AMP Your Professional Development By 20%

I spent a lot of time at ISTE in sessions about professional development: how to make it meaningful, getting more efficient, and personalizing it to best meet teachers’ needs.  In my new role, I will be doing much more formal professional development than ever before, so I figured I’d better learn from those who already do it and do it well.  One of my favorite sessions at ISTE this year was from Ann Crilley and Becky Goddard, two tech integration coaches in North Carolina.  Their session was titled, “Transforming Your Professional Development with the 20% Model.”

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Based on Google’s 20% model, many schools now are trying to give teachers time and space to pursue professional development that is exciting and meaningful to them.  Also drawing from Daniel Pink’s work, they cite his idea that teachers (and anyone) requires three elements to create intrinsic motivation: autonomy, mastery, and purpose (AMP).  Unfortunately, in most professional development sessions, the teacher’s purpose is “because we have to.”   Purpose.

But what if teachers could have some say in what they learn, when, and how?  There’s so much buzz in education circles now about student voice/choice, but what about their teachers?  We talk about how students need to be engaged learners, that worksheets don’t build dendrites, and that students learn best by doing?  But what about teachers?  Aren’t we really just (slightly) bigger students?  How many times have you sat in a PD session, bored out of your mind, telling your tablemates how you just can’t sit like this all day?  Autonomy.

One thing the speakers talked about was assessing how well their teachers were integrating technology into their classroom.  They had teachers self-assess using a 3-tiered system that was more accessible to teachers than, say, a SAMR model.  I think this reflection piece is missing in a lot of PD models.  The only one who really knows how well a teacher integrates technology is the teacher (and hopefully the students).  If they are currently at a tier 1, what do they need to do to advance to tier 2 or 3?  Again, this will look different for every teacher.  Mastery.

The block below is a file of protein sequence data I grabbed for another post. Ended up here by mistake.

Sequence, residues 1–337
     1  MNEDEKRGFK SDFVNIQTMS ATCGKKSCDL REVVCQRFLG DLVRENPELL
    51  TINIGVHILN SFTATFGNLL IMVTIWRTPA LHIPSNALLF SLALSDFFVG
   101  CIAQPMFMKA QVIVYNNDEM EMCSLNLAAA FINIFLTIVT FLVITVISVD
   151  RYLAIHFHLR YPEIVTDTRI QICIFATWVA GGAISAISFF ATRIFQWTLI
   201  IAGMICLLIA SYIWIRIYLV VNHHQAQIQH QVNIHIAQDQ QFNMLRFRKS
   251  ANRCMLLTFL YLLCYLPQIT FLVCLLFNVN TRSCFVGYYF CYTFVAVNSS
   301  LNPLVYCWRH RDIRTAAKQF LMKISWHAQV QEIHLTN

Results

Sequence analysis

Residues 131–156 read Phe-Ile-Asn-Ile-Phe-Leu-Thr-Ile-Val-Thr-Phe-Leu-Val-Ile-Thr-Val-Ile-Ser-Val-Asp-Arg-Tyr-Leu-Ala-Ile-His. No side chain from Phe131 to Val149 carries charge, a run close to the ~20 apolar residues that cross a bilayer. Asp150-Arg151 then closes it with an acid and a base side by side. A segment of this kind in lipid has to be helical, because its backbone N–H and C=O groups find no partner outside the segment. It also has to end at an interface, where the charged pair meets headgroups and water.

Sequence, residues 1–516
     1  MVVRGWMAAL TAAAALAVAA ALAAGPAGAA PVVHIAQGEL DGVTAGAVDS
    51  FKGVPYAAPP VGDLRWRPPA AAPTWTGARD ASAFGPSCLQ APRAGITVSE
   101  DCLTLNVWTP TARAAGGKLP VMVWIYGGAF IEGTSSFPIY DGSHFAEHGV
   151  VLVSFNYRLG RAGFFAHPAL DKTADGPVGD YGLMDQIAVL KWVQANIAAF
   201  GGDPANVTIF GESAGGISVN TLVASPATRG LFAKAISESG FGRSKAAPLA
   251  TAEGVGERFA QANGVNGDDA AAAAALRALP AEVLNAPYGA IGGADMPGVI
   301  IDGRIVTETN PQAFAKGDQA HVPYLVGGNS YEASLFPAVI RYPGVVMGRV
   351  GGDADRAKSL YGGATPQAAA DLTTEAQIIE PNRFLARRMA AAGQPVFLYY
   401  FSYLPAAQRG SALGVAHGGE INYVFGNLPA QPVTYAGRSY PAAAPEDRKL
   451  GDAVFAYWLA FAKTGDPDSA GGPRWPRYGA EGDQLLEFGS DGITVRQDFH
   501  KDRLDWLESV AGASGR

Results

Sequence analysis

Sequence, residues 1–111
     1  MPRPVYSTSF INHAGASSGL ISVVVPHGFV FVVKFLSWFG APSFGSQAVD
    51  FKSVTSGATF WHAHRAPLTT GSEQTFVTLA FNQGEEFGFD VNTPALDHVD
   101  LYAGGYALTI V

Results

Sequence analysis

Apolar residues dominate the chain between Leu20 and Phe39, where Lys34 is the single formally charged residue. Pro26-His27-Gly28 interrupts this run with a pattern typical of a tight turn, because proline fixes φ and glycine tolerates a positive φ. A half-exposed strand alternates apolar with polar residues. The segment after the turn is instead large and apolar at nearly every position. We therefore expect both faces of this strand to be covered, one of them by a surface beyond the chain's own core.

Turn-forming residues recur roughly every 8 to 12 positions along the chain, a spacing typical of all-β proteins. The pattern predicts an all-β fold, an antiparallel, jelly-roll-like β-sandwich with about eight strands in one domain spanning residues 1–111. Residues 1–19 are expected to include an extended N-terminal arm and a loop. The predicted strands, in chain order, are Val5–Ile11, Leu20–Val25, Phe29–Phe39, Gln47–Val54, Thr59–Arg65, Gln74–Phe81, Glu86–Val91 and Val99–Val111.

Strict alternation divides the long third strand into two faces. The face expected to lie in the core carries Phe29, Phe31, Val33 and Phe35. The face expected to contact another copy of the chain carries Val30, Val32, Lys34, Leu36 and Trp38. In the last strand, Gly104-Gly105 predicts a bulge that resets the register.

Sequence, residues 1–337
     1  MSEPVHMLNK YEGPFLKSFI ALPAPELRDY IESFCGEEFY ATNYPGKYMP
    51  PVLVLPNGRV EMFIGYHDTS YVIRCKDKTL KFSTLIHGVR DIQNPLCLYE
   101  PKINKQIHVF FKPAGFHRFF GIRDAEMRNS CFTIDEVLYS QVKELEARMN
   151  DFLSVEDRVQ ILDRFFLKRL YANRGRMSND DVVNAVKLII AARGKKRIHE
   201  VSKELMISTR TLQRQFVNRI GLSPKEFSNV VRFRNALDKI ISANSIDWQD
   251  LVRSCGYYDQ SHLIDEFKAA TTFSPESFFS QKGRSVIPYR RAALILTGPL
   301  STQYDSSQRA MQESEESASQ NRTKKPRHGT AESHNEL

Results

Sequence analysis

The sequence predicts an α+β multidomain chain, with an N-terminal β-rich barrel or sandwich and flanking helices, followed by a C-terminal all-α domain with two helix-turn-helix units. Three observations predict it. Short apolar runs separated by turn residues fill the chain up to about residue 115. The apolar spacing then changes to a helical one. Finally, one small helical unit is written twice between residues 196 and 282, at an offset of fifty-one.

One piece I absolutely LOVED was the idea of an app challenge.  The tech coaches set these up using various apps that teachers might want to utilize in their classroom, such as PicCollage, Aurasma, Kahoot, and others (they used www.smore.com to create theirs).  Once the challenges are set up, teachers can access them on their own at any time.  When completed, they submit some form of evidence that they’ve learned the app or process.

The best part of this idea?  Aside from the fact that anyone can do these at any time (early in the morning, during prep at school, after the kids are in bed, etc.), what I thought was so brilliant was how they used them during snow days.  Yes, apparently they get snow days in North Carolina – who knew?!  One of the presenters said that she had a few app challenges ready in her back pocket and on their first snow day she sent one out to her teachers.  Since most of them were home with not much else to do, she had about 17 out of 25 teachers complete the challenge.  Not bad!  How many other teachers can say they were still productive on a snow day at home?  And we all know that here in Minnesota, we’re bound to have at least one snow or cold weather day.

These ladies had lots of great ideas for AMP-ing up their PD time for teachers.  I’m excited to use some of their ideas this next year.  If you’d like more of their info, they’ve generously shared their information on a Smore – check it out by clicking here!

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